Peta Credlin details heartbreaking scenes in Alice Springs and the demands from locals crying out for more government help

Peta Credlin details heartbreaking scenes in Alice Springs and the demands from locals crying out for more government help

Sky News Australia host Peta Credlin was on the ground in Alice Springs over the weekend to hear from locals who have been crying out for more help to combat the rising youth crime wave.

The town of 26,000 was thrust into the spotlight last week and received national coverage that forced intervention from the Prime Minister and Territory Government.

On Monday night, Credlin told her viewers about the dysfunctionality she’s seen and how longtime local residents and business owners are at breaking point in their beloved community.

She described the impact the months of violence had had on the town’s streets, with many businesses forced to close and others boarded up with metal roller shutters.

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“Some say they’re not sure it can even be turned around, others are more hopeful, but all of them have a great love for the central dessert place they call home,” she said.

“This is much bigger than just the ups and downs that many similar regional areas experience, it’s about government negligence, a lack of consistency in policing, a lack of accountability for how money is spent.

“It’s not a lack of money, but how it’s spent, and frankly, a town of people so worn out that many question how long they can stay.”

Many point to alcohol as the driving force behind the violent and anti-social behavior plaguing the town, following the demise of the Stronger Future laws which allowed easier access to booze in many communities.

Northern Territory Chief Minister Natasha Fyles rejected calls to restore the bans, saying she would not support any “race-based” intervention.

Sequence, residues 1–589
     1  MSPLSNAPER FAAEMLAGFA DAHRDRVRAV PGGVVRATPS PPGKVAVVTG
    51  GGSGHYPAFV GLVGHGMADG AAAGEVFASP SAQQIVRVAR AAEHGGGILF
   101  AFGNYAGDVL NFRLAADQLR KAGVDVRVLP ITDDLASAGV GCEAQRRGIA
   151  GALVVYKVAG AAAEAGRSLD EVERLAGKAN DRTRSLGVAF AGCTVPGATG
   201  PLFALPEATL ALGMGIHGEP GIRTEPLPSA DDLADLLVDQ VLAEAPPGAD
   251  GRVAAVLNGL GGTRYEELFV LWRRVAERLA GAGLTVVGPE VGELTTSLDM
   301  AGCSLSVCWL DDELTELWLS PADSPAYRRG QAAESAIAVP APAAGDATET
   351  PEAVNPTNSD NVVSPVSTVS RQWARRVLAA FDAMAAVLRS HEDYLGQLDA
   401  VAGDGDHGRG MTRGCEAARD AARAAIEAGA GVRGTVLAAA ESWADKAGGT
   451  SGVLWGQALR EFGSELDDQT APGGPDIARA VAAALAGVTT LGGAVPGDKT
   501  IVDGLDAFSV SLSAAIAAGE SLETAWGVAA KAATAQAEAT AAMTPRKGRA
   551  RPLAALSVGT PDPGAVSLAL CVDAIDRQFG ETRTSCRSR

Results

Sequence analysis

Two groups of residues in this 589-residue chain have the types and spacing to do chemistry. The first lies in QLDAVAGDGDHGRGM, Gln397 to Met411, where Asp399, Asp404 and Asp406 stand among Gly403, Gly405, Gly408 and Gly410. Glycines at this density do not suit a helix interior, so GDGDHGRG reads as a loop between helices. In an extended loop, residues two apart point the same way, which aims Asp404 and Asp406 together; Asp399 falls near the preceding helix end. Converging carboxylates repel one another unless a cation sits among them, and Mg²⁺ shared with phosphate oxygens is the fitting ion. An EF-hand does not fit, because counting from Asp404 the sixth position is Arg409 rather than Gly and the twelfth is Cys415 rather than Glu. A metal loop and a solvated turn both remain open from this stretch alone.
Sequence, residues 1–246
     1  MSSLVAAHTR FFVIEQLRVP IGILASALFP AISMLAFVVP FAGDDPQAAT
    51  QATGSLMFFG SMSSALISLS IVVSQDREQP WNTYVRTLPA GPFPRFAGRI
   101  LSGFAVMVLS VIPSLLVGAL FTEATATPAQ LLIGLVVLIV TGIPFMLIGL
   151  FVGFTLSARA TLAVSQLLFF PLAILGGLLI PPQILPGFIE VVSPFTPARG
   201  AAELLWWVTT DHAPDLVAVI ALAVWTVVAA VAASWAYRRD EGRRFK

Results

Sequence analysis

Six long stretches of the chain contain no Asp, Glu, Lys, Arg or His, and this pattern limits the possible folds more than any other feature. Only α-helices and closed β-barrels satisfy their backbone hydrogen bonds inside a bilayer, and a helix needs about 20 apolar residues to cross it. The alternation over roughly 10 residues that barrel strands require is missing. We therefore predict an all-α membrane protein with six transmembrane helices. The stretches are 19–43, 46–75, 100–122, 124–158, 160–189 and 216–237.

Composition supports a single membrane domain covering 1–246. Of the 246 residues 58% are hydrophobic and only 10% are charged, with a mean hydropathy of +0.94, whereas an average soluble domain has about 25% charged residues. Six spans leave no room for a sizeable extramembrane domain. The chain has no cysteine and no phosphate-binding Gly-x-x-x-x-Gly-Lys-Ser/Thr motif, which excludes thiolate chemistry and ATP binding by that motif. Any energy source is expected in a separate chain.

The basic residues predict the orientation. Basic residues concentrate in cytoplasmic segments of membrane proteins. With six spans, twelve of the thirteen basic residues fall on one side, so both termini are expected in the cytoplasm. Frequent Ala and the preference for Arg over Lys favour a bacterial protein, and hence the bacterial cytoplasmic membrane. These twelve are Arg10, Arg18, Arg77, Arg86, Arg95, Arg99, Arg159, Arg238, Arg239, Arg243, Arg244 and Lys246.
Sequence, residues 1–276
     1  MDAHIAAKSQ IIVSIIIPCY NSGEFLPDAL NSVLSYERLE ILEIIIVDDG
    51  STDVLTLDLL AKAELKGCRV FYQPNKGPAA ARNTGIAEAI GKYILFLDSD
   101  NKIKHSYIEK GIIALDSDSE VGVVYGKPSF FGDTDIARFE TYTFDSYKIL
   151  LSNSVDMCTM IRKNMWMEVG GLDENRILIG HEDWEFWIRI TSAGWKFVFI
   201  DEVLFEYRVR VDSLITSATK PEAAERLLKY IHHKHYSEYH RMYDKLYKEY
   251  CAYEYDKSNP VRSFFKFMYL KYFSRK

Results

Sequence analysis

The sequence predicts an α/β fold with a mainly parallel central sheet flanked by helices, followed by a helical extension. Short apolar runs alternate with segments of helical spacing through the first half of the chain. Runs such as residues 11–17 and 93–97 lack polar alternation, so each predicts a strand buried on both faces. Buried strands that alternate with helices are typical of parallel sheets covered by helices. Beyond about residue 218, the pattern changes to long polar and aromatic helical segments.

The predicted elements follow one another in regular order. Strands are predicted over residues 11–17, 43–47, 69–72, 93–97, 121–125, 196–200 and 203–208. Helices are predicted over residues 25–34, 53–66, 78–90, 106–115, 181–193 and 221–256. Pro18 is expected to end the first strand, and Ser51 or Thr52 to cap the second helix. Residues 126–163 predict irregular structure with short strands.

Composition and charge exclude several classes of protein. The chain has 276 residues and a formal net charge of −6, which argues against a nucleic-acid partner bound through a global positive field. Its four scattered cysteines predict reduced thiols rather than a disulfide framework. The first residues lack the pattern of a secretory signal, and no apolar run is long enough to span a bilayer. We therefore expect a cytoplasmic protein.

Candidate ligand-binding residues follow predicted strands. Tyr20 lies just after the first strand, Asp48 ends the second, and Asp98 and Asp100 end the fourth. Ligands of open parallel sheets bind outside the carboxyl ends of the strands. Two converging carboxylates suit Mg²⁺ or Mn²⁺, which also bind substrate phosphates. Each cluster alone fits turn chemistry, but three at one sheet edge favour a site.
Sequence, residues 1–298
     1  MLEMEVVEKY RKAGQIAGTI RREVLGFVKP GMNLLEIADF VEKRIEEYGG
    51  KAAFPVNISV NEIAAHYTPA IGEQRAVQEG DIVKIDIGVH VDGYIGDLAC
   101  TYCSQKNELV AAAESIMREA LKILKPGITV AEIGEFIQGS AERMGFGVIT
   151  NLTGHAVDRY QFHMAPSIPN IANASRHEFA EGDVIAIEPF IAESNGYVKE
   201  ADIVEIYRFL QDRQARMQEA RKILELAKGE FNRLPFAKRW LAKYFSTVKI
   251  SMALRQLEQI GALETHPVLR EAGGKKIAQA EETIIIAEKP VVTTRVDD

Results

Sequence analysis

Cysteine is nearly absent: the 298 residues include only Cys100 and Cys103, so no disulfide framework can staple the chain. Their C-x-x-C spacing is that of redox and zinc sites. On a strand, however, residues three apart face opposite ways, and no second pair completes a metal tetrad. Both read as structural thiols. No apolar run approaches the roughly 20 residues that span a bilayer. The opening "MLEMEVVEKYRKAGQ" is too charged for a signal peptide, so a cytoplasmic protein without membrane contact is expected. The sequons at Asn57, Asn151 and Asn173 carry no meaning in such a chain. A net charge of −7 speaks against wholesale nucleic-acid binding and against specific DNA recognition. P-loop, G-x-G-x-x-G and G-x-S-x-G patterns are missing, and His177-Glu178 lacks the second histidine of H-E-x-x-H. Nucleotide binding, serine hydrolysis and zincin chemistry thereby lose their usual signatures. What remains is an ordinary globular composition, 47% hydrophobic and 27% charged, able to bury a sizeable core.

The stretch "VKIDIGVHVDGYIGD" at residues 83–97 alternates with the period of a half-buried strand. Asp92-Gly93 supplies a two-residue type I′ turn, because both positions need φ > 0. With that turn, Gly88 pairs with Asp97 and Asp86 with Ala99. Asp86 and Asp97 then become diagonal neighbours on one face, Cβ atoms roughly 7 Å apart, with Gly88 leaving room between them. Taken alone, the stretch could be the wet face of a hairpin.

She also rejected calls to bring in the Australian federal police or military to quell the violence, arguing that the Northern Territory has the adequate resources.

After meeting with Ms Fyles and other community leaders, Mr Albanese jointly announced the introduction of new alcohol restrictions following his brief visit.

Alice Springs Mayor Matt Paterson has described the response by both levels of government as inadequate.

He repeated calls on the ground demanding that the expired Stronger Futures laws be reinstated.

Meanwhile, Federal Labor MP Marion Scrymgour, whose electorate covers the majority of the Northern Territory, conceded her government’s Vote to Parliament proposal needed to take a back seat as rampant crime in the central Australian town be addressed.

“I think the Voice couldn’t be further from people’s view up here because people are under siege in their own home,” Ms Scrymgour told 3AW.

Credlin argued that the Albanian government was too focused on the constitutionally enshrined Vote, while seemingly ignoring the plight of Indigenous Australians in remote towns like Alice Springs.

“Firstly, it is wrong to enshrine race in our constitution, and to give one group of Australians more say in how we are governed than everyone else, based on the time your ancestors were here,” Credlin said.

“But secondly, this idea that another conversation festival in Canberra, especially one dominated by grievance-peddling activists, is going to solve problems is just ridiculous.”

Frustrated locals gathered for a community meeting on Monday night where organizer Garth Thompson blasted the Northern Territory Government, arguing Alice Springs residents “deserve to be compensated” for what they have been through.

“I am more than proud to stand here and say that we, as a community of Alice Springs, are about to sue our government for $1.5 billion in compensation,” he told the packed Convention Center said.

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